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I guess I'm just trying to understand what "cyclic resonance" really means, from all the examples I've come across its always a cyclic system where the pi-electrons go all around the molecule and come back to its same position. It fails to do that here because the cycle stops at the C+ and 'comes back to the oxygen'. If this is a valid example for cyclic resonance, whats the difference between this and just a regular conjugated system that's planar but not in a loop.

[edit] does the cyclic resonance talk about all the pi electrons being a part of a 'loopy' system? I mean, can I think of aromaticity as something that contains a fuel-part and a ignite-part; the fuel would be 4n+2 pi electrons in a loopy system and the pi-electron sets are adjacent to each other and the ignite-part which would be the carbocation here?

any help is appreciated.

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    $\begingroup$ Note that what you've drawn is a (very) minor resonance contributor to the pyrylium ion. $\endgroup$ Commented May 16 at 3:03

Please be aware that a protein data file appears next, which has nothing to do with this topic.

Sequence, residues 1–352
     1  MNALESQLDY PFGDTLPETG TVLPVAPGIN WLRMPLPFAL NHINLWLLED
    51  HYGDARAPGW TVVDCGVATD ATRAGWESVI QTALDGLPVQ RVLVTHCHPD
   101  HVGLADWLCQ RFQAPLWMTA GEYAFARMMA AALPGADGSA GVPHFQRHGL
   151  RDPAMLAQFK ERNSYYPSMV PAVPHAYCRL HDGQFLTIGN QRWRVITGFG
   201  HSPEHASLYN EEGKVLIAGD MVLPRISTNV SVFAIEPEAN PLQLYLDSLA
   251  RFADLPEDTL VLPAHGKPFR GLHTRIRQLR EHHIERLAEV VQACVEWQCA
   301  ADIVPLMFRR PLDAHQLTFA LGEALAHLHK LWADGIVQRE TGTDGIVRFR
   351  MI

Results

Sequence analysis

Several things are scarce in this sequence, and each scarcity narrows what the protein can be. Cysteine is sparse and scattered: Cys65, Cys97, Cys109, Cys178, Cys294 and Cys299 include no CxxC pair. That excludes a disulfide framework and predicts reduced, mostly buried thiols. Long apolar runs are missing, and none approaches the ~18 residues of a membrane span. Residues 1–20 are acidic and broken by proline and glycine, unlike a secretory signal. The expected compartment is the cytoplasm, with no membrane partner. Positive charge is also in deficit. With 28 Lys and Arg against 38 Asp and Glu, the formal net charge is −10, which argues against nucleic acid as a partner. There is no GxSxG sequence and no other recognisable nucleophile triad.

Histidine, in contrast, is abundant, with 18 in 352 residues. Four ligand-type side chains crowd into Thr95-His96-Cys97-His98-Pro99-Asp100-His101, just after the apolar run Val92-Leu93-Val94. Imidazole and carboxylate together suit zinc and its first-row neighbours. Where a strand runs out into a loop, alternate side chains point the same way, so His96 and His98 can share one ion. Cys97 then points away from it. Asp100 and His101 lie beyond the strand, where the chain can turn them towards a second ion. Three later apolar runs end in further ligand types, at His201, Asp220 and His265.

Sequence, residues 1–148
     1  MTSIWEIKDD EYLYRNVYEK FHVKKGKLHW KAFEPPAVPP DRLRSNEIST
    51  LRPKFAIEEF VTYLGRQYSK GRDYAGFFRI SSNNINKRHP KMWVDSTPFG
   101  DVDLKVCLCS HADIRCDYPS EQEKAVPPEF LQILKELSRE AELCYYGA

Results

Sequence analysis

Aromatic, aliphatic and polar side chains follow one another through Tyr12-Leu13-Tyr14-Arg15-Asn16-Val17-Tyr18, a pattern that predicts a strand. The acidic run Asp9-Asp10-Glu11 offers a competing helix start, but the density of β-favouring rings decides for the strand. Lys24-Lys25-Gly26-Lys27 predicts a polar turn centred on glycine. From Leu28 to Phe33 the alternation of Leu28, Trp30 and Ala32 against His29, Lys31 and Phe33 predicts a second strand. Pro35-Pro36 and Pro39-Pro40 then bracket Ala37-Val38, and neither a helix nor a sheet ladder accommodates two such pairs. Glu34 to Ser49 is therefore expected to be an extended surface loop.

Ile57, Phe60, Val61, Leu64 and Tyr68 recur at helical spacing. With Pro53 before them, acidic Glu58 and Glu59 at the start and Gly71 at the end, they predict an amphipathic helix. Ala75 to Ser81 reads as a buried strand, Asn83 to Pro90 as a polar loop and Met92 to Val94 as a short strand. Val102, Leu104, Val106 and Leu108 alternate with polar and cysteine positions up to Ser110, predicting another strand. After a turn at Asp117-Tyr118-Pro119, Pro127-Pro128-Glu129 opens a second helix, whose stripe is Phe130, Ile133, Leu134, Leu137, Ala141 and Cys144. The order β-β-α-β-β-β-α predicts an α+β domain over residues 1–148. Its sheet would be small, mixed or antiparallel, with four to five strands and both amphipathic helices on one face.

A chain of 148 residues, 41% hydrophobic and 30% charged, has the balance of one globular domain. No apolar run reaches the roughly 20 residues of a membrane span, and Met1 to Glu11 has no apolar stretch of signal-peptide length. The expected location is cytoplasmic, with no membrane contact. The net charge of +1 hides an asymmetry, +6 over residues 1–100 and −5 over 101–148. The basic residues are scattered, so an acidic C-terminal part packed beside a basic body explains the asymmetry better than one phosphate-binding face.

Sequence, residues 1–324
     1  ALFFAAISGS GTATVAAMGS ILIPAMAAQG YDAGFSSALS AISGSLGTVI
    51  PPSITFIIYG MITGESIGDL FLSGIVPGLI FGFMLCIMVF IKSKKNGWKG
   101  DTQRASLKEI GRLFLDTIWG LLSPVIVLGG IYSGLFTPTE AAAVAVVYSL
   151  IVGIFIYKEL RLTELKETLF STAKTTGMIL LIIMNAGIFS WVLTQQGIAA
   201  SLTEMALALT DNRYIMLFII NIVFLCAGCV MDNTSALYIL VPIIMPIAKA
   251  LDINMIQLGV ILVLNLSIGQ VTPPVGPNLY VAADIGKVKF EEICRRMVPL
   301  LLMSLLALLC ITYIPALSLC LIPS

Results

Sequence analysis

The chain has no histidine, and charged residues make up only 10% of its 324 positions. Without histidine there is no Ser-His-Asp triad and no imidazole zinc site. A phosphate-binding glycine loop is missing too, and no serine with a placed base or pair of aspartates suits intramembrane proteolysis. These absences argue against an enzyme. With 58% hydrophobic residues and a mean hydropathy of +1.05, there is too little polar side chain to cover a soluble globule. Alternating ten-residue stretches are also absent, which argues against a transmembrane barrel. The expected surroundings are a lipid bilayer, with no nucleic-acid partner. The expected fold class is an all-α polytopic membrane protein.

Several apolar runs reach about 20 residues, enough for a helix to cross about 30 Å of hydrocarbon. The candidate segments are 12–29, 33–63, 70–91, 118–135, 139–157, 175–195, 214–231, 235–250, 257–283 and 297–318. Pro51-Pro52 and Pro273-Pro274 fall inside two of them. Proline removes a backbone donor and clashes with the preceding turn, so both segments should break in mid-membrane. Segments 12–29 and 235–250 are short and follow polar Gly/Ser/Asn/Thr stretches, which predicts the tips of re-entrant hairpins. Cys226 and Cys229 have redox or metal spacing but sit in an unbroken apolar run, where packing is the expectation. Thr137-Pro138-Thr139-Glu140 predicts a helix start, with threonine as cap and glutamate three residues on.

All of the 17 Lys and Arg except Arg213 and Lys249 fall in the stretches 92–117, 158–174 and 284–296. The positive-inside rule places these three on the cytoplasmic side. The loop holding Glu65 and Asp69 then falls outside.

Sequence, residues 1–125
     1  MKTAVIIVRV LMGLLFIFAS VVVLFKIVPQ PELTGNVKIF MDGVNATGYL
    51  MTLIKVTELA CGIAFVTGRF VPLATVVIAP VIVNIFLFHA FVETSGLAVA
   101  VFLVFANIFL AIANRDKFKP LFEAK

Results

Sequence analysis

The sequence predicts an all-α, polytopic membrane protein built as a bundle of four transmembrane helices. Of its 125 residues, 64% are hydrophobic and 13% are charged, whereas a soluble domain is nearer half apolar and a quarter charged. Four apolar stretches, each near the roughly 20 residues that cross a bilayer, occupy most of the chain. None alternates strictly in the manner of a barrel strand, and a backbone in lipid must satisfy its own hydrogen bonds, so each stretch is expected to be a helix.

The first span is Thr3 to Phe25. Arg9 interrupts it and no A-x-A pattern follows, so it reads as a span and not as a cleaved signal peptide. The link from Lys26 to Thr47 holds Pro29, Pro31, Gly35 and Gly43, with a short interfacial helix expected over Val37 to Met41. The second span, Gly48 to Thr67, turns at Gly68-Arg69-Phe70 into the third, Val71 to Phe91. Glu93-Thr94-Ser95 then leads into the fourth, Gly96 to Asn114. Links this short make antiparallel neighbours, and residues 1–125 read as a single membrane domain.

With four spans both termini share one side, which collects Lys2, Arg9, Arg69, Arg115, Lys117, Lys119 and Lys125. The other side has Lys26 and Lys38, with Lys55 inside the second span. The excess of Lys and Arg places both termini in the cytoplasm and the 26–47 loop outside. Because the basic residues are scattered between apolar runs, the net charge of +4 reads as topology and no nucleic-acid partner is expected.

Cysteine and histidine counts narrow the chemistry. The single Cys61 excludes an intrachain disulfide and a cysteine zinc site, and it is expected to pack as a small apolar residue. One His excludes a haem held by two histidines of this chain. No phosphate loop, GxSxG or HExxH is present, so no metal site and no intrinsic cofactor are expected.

1 Answer 1


As noted by Nicolau in the comments, this is really the pyrylium ion. It is usually drawn with a double bond to the oxygen atom, which then formally takes the positive charge. This allows an extra pi bond to be drawn elsewhere in the ring:

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As reported by the referenced Wikipedia article, this ion meets the simple rules for aromaticity and experimentally shows evidence of extra stability due to this aromatic character. The ion is stable enough to be made and sold commercially.

Often in natural organic materials the pyrylium ring is further stabilized by conjugating or cumulating it with additional aromatic carbocycles. The intense colors in berries, for example, come from anthocyanins, in which the pyrylium cation ring shares an edge with another aromatic ring and is conjugated with a third aromatic ring.


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